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From Worship to Worldly Pleasures: Secularization and Long-Run Economic Growth

Holger Strulik ()

No 116, Courant Research Centre: Poverty, Equity and Growth - Discussion Papers from Courant Research Centre PEG

Abstract: In medieval times, most people identifi ed with religious values and aggregate income and productivity grew at glacier speed. In the 20th century, religion played a much lesser role in daily life and income and productivity grew at high and unprecedented rates. The present paper develops a simple economic theory of identity choice that explains both stylized facts as well as a period of secularization during which an increasing share of the population abandons religious identity for worldly pleasures and aggregate productivity takes off . An extension of the basic model investigates the Protestant reformation as an intermediate stage. Another extension introduces socially-dependent religious preferences, establishes the endogenous emergence of multiple, self-ful lling equilibria, and demonstrates how a social multiplier amplifi es the speed of transition.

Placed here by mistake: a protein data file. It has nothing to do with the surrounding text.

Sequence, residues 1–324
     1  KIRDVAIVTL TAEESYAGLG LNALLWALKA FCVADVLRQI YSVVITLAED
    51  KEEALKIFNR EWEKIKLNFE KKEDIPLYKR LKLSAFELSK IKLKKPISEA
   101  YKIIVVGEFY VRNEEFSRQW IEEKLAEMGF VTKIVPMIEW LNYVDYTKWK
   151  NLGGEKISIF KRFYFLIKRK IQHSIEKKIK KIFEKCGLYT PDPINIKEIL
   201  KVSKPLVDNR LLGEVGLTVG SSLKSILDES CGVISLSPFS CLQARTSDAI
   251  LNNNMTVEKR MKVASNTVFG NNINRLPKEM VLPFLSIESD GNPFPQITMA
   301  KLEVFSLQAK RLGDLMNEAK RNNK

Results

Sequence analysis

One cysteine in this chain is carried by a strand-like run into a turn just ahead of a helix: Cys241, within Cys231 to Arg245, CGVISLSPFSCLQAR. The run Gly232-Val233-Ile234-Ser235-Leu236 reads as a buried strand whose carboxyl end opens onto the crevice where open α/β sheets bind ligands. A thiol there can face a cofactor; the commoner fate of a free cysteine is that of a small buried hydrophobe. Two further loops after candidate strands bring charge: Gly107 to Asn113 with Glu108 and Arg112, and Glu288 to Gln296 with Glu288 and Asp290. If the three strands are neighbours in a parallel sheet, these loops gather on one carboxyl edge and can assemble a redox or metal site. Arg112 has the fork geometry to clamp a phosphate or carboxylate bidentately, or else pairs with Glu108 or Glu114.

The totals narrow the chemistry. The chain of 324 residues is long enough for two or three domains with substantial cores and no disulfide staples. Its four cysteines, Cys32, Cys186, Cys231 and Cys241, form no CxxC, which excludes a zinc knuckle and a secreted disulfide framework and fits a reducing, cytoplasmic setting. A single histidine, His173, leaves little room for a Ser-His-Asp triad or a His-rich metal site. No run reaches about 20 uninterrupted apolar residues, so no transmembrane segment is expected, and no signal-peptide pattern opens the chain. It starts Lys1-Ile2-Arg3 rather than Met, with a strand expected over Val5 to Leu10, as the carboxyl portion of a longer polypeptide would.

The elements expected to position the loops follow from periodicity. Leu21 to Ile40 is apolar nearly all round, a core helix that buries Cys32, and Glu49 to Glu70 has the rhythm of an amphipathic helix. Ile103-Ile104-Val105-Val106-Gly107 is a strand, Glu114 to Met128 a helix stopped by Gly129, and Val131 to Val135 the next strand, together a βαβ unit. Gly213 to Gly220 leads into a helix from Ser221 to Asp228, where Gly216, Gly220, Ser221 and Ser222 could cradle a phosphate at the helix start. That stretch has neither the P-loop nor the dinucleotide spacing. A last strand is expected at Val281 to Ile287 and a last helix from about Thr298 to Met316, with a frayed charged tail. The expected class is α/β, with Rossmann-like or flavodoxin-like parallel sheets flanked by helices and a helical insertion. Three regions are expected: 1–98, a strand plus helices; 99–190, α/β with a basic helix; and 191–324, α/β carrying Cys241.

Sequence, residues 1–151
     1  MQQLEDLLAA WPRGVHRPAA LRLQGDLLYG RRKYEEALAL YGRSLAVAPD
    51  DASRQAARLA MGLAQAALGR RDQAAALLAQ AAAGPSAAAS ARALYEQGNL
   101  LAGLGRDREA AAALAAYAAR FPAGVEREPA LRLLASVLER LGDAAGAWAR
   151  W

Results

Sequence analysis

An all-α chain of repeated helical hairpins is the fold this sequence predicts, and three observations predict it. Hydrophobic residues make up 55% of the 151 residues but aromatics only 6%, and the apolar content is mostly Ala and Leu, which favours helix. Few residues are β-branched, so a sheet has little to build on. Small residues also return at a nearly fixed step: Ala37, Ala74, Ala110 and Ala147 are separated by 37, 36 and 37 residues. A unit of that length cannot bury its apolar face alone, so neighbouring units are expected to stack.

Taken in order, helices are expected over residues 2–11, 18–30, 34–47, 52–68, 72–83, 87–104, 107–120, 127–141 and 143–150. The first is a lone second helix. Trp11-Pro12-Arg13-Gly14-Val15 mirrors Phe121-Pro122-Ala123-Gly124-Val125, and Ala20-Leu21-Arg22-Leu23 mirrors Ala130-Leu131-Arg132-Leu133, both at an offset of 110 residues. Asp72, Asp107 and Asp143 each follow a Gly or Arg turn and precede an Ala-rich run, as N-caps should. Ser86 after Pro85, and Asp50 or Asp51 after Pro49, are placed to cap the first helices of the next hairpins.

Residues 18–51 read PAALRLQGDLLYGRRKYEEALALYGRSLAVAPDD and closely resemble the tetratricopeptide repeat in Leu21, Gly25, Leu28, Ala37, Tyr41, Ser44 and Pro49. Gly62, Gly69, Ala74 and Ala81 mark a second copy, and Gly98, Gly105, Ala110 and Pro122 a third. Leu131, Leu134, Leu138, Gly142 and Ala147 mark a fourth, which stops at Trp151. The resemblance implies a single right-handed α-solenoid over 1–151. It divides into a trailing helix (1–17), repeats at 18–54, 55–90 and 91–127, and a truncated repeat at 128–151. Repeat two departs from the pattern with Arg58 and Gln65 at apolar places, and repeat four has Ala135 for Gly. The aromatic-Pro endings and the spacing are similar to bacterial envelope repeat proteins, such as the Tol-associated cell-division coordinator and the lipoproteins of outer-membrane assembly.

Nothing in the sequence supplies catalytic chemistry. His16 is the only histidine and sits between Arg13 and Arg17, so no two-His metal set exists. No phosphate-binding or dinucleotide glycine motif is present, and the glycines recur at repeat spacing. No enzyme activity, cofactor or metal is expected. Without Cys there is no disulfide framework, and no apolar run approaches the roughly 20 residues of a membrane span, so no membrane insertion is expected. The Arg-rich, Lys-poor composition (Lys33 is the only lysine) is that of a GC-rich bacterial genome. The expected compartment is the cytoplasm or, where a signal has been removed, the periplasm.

Keywords: religion; identity; economic growth; productivity; secularization; comparative development (search for similar items in EconPapers)
JEL-codes: N30 O10 O40 Z12 Z13 (search for similar items in EconPapers)
New Economics Papers: this item is included in nep-evo and nep-his
Date: 2012-06-11
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